Medical technology often a burden if designed without physician input
Roger Collier | CMAJ | August 21, 2018

Many physicians worry that technology is dehumanizing the doctor–patient relationship.

If you would like to hear a physician rant, simply say these three letters: EHR.

“You just feel like a data-entry clerk when you use an EHR,” Dr. Gigi Osler, the incoming president of the Canadian Medical Association (CMA), said during a discussion on medical technology at the CMA Health Summit in Winnipeg.

The EHR, or electronic health record, was supposed to make life better for doctors and patients. In theory, the technology should make it easier to record, access and share patient information. In reality, however, the widespread adoption of EHRs has become an interoperability nightmare, a source of tedium and extra work for doctors, and a leading contributor to physician burnout.

“They were not designed to be a physician workflow aid or tool,” said Dr. Chaitanya Dahagam, who shared the stage with Osler during the session. “The problem is that clinicians have been left out. They have been left out of the decision making, the design of the solution, and they have been told to just take it and use it.”

According to Dahagam, a business development executive for the IBM Watson Health Ecosystem, this has to change. Medicine must find a better way of involving clinicians in the design of not only EHRs, but all medical technology. Otherwise, new medical tech will often be more burdensome than useful.

“The best tech is not seen, is not felt, is not heard,” said Dahagam, who holds degrees in both medicine and computer science. “It just works.”

This utopia is unlikely to become reality anytime soon, at least when it come to EHRs. An Ontario physician in the audience, who juggles five EHR platforms and more than a hundred passwords, said doctors are constantly forced to find workarounds when dealing with electronic systems. Another common complaint is that doctors are now spending too much time looking at screens during patient visits.

“I felt that in typing and looking at a monitor, I was losing something in that connection with patients,” said Osler, who now enters data into her EHR between visits with patients.

The as-yet unmet promise of interoperability between the many different EHR systems is also a source of much frustration in medicine. Patient data can’t be shared among health care providers if the systems don’t talk to each other. This has lead some Canadian doctors to call for the creation of a single national system that would link medical practices across the country. Though there would be great benefits to interoperability, it won’t come without a price, according to Dahagam.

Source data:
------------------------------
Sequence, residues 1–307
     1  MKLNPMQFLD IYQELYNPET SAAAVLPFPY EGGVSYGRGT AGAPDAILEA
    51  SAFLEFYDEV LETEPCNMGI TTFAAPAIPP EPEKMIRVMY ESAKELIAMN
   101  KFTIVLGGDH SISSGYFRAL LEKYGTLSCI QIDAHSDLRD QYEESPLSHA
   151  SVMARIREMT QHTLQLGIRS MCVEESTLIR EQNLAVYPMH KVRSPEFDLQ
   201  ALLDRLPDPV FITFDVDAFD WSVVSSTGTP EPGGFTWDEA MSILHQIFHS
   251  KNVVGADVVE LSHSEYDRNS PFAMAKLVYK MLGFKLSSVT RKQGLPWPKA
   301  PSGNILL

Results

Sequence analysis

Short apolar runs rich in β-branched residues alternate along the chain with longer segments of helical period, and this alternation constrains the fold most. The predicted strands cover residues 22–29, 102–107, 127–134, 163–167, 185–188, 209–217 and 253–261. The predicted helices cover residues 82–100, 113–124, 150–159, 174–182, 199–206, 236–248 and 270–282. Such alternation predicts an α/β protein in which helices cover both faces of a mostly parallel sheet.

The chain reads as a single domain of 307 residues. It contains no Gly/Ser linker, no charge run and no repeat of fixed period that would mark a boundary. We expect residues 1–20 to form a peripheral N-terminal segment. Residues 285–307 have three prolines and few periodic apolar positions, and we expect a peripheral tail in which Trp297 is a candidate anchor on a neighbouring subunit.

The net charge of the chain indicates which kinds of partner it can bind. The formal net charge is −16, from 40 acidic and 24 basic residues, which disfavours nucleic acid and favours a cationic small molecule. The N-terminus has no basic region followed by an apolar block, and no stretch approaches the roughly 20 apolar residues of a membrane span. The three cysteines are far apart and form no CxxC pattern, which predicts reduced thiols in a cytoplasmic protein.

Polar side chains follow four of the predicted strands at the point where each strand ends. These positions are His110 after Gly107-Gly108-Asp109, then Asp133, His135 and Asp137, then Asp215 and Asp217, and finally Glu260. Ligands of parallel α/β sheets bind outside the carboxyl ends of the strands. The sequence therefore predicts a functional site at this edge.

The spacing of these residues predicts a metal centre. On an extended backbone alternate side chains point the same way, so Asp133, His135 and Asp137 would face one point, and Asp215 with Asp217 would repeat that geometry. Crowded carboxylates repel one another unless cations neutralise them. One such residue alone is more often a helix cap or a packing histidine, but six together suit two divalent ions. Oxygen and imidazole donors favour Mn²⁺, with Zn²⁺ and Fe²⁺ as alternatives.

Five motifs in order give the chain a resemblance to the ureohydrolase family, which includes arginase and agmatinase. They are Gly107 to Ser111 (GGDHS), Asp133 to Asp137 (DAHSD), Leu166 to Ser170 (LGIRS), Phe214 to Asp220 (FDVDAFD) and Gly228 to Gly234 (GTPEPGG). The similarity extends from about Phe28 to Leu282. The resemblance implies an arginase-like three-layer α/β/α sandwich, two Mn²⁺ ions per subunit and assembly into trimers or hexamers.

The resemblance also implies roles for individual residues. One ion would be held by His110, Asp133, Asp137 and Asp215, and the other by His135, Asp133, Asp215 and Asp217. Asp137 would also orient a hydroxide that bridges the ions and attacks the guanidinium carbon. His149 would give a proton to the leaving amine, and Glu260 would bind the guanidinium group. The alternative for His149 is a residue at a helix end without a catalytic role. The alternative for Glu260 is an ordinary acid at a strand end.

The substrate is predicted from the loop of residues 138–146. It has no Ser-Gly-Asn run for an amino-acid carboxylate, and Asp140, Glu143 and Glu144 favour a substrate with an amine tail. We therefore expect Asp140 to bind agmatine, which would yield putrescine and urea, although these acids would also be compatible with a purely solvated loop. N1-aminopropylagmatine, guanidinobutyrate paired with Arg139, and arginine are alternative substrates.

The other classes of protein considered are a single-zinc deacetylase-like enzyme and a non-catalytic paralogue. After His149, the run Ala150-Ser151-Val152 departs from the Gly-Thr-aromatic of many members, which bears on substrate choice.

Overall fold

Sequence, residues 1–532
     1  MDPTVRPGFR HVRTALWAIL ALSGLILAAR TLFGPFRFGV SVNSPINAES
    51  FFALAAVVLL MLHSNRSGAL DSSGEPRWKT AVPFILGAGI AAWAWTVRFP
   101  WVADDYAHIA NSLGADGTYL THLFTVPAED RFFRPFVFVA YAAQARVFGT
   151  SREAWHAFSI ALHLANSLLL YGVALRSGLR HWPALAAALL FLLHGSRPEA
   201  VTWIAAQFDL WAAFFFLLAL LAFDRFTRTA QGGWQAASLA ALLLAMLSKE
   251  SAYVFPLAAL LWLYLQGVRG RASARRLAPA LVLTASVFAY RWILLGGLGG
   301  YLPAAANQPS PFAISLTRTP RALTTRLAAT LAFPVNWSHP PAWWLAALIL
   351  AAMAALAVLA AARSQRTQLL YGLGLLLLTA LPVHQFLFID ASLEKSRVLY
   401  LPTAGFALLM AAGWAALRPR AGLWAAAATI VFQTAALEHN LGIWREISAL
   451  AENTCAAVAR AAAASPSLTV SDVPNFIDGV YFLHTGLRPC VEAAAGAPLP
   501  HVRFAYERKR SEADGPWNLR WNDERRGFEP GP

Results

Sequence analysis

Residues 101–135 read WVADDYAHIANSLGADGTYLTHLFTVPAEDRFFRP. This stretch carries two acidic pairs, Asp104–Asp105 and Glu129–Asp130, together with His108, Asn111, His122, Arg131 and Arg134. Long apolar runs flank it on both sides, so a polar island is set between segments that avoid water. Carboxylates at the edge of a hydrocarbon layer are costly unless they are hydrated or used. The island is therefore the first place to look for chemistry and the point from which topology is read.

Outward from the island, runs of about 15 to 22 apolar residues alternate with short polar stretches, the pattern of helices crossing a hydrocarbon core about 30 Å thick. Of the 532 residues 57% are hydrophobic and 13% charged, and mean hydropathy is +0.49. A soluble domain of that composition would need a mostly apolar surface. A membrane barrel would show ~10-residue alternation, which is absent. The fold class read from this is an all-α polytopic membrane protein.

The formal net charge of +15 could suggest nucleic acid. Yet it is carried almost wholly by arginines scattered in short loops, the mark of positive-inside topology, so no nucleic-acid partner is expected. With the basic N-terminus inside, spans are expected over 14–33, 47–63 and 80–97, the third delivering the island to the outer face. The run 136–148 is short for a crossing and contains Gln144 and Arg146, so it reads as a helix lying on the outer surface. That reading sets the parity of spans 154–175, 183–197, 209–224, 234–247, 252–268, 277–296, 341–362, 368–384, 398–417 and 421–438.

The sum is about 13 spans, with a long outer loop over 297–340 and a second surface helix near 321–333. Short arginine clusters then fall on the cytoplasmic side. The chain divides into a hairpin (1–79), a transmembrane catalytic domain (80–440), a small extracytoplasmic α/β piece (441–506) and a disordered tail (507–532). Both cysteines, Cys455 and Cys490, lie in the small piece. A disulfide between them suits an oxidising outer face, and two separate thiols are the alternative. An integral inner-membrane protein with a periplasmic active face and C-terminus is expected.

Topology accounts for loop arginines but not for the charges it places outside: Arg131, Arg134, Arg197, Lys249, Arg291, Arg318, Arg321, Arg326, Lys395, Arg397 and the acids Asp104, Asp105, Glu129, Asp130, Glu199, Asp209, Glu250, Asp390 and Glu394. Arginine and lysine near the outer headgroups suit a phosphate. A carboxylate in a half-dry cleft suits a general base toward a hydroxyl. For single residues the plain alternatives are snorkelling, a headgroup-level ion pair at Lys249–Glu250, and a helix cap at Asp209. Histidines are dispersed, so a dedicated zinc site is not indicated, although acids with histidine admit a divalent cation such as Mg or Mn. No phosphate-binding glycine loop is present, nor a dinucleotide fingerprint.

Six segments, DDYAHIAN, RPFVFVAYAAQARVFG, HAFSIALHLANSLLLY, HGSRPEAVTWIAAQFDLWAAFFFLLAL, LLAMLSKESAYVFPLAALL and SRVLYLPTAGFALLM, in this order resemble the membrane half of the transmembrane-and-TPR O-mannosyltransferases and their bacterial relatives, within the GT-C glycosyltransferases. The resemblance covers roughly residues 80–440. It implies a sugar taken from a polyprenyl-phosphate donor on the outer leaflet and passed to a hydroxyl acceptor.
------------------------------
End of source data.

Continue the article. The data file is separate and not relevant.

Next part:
“Do we truly understand what it means when data systems become interoperable,” he said. “That is just more data to go through.”

Indeed, data overload is another problem that technology is bringing to medical practice. Patients are generating their own health data now more than ever, through monitoring devices, health apps and private services that supply genetic information. According to Dahagam, physicians will have to learn how to integrate that information into their practices.

“Patients will want guidance, and they trust doctors and nurses more than websites,” he said. “But they are going to want to feel like a partner.”

There are many other challenges when it comes to making technology more useful in health care, noted Dahagam. Many of the players have different agendas. There are many aspects to consider: clinical, technical, business, privacy, politics. But the input of doctors will always remain vital to the success of any innovation in medicine, said Dahagam.

“Be vocal. Be pioneers. Push hard. Continue to ask, ‘Why does it have to work this way? Why can’t it work that way?’” he said. “The doctors coming after you are going to benefit from the fruits of your labour.”

Photo credit: a-digit/iStock


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